The Natives had told the French that the Great Lakes of the Interior takes 30 days to cross. They also speak of a great sea with no end on the West Coast. Some contend that (I)-Etienne Brule (1591-1633), who arrived New France in 1610, went about this year to live among the Natives as, essentially, a Coureurs des Bois. These same people suggested he traveled as far as Lakes Michigan and Superior this year. Others suggest it was more like 1615, maybe later, before he reached Sault Ste Marie. Others suggest Champlain ordered (I)-Etienne Brule (1591-1633) to encourage the Huron to trade with Kebec. Others suggest Brule is one of the eight survivors of the 1609 illness at Kebec. This opinion is rather strange if Champlain went to war with the Huron against the Iroquois to form an alliance last year. Why would he need to send an emissary into the Huron territory to establish a trading relationship? It is more probable that (I)-Etienne Brule (1591-1633) went native to escape being indentured to Champlain. This would be more consistent with future events. It is noteworthy that Champlain profited by Brule's activities and likely tolerated his actions.
(I)-Jean de Godet du Parc (d-1627) is in charge of Quebec.
The Jesuits wanted to send missionaries to New France and approached Poutrincourt; a devout Roman Catholic. (I)-Jean Biencourt de Poutrincourt (1557-1615) and son (II)-Charles sailed on February 10 for Port Royal, Acadia without the Jesuits using the pretext that he had to build suitable lodging for the Jesuits. It was no secret that the Poutrincourts hated the Jesuits. He is very suspicious of the motives of the ambitious Jesuits and took his own priest, Father (I)-Jesse Fleche- a secular priest, from Langres, France. Upon arriving, they were greatly surprised that the alleged savages had not molested the deserted Fort in anyway, nor its contents. They considered the savages as being very amiable and having the most humane qualities of gentleness and courtesy.
(II)-Charles de Biencourt Baron de Saint Just (1591-1623) arrived in Port Royal
with his father, (I)-Jean de Biencourt de Poutrincourt (1557-1615) and another
priest called Josse Fleseline (Jesse Fleche) to convert the savages. (II)-Charles
would effectively be given the Commander status of Port Royal this year. A Captain of the savages complained to Sieur De Poutrincourt, near Port Royal, that a ship
from St. Milo has stolen his wife and was abusing her. The guilty party, (II)-Robert the son
of (I)-Francois Grave, sieur Du Pont (Pontegrave) (1560-1629), escaped punishment by fleeing into the forest among the savages to become a
Coureurs des Bois. Later, he is accused of prejudicing the savages against the French.
It is noteworthy that the term 'Captain of the Savages' usually referred to a
mixed blood or Metis.
(II)-Jesse Fleche baptized Louis Memberton (Membertoucoichis) b-1550 or earlier and his nineteen member Native family in 1610. Some baptized are noted below plus some cousins of Henry
Louis Membertou eldest son Membertoucoichis; married Mme de Sigigne & Madame de Dampierre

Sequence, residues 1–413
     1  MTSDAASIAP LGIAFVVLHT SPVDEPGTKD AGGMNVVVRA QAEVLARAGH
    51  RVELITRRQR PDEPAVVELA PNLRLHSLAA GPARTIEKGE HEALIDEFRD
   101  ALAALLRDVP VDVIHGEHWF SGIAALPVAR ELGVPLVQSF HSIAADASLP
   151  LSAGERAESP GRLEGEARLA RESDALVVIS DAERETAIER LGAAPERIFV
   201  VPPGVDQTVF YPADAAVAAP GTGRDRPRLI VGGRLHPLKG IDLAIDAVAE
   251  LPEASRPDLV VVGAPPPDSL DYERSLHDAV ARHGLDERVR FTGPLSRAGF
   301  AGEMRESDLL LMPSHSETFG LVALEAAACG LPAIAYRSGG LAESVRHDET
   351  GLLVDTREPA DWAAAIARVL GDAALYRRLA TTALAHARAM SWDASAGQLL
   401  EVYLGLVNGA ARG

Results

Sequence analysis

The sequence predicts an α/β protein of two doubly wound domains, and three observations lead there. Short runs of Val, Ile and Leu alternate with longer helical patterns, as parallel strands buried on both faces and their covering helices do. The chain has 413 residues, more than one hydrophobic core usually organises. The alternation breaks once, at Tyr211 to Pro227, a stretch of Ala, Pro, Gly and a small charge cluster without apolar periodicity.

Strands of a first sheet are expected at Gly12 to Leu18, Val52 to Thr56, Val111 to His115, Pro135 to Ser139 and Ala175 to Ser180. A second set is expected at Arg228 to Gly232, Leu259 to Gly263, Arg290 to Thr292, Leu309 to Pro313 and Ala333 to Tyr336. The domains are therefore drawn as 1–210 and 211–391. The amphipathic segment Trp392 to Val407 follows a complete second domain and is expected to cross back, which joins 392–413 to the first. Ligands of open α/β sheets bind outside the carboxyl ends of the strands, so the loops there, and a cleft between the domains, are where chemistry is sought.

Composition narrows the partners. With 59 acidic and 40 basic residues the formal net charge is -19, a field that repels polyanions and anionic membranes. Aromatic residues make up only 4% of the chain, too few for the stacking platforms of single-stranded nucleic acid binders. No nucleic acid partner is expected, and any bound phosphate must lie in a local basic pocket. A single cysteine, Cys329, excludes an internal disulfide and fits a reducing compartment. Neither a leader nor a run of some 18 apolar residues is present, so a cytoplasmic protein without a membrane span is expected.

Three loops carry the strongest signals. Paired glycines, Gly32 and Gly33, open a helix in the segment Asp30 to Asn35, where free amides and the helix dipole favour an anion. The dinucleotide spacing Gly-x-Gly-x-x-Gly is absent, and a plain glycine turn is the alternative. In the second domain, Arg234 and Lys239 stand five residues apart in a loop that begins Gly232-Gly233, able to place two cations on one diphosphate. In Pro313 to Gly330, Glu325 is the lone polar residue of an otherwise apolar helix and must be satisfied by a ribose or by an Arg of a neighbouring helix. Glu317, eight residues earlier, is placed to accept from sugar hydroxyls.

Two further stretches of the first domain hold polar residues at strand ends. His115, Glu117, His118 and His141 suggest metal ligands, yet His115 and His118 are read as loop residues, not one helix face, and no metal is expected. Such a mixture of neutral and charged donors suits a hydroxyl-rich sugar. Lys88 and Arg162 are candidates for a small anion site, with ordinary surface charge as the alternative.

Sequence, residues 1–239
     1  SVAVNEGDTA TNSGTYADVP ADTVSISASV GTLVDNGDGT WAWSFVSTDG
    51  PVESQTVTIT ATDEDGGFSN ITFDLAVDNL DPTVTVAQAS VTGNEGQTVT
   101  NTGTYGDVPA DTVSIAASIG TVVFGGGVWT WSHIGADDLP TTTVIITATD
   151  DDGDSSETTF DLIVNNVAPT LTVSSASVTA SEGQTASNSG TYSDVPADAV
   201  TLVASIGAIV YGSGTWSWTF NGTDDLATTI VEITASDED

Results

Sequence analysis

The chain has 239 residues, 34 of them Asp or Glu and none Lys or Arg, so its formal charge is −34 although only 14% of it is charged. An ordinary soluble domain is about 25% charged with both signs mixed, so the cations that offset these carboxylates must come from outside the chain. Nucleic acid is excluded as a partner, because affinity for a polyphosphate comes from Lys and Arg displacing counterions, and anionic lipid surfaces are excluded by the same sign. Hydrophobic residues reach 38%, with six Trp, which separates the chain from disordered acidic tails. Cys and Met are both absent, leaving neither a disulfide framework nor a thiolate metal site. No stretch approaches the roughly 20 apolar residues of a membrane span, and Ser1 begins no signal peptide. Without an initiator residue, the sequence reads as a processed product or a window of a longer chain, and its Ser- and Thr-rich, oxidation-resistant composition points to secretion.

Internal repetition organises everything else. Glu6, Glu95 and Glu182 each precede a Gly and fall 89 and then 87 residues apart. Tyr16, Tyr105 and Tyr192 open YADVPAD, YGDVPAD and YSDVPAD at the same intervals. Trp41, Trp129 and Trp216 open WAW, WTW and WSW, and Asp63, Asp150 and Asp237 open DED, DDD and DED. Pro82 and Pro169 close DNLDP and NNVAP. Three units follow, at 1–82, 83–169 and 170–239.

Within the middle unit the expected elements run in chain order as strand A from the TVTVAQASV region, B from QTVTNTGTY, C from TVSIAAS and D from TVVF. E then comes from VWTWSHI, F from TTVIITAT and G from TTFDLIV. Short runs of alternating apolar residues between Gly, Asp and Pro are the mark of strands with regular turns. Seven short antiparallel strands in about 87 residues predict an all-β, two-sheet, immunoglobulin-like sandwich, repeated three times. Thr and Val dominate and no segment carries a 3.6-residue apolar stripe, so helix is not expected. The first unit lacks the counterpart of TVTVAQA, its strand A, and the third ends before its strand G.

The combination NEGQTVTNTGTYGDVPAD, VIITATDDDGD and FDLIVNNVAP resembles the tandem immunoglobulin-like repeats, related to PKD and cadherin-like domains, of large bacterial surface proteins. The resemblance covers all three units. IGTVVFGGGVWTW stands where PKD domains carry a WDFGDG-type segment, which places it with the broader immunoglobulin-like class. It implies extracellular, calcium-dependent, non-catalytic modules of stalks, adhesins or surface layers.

Christine Membertou b-1597
Elizabeth Membertou b-1599
John Membertou b-1605
Henry Membertou son Henry Embertou; married Marre
Paul Membertou married Renee
A MicMac or Mi'-Kmaq questioned the French for blowing their noses on linen handkerchiefs, asking: "For what purpose do you preserve such a vile thing"?
Thomas de la Wark (1577-1618) arrived Jamestown with 150 settlers and with Samuel Argall (1572-1626) help built two forts on the James River. Thomas would return to England leaving the tyrannical, autocratic Argall in charge of Virginia. He was cruel not only to the French and savages but to his own people. This also demonstrates that Thomas was a poor judge of character which he acknowledged too late.
The French settlement of 1610 Port Royal failed.
January 26: Queen Marie would only support (I)-Jean de Biencourt Sieur de Poutrincourt's (1557-1615) voyage back to Port Royal, Acadia from Dieppe, France, and he took the Jesuits: (I)-Pierre Biard (1567-1622), (I)-Enemond Masse (1575-1646), (I)-Madame de Poutrincourt and her son (II)-Charles Biencourt de Saint Just (1591-1623). The Huguenots who owned the vessel refused to outfit it if the Jesuits were included. Marquise de Guercheville, wife of the Governor of Paris and a strong Jesuit superior, paid the Huguenots for any inconvenience the Jesuit would impose. This settlement failed because Samuel Argall, a Virginia pirate from his base in Jamestown, destroyed Port Royal, Acadie (Acadia) in 1613.
February 26: (I)- Jean de Biencourt, Sieur de Poutrincourt et de Saint-just, (1557-1615) arrived Port Royal with (II)-Charles La Tour (1596-1665) his father (I)-Claude de Saint Etienne La Tour, (II)-Charles Biencourt (1591-1623) and his father.
April 8: (I)-Samuel de Champlain (1567-1635) departed France for Kebec.
April 17: (I)-Henry Hudson entered Hudson Strait.
April 28: (I)-Samuel de Champlain (1567-1635) arrived Tadoussac with 11 tradesmen. When he reached Kebec it was reported to be a mild winter and non had died. However he learned that (I)-Etienne Brule (1591-1633) had left the settlement to live among the Huron.. Prairies (Des) de St. Malo a young man filled with courage went to help Champlain this year.
May 2: The Company of Adventurers and Planters of London and Bristol (1610-1628) is established to the colonization of Newfoundland.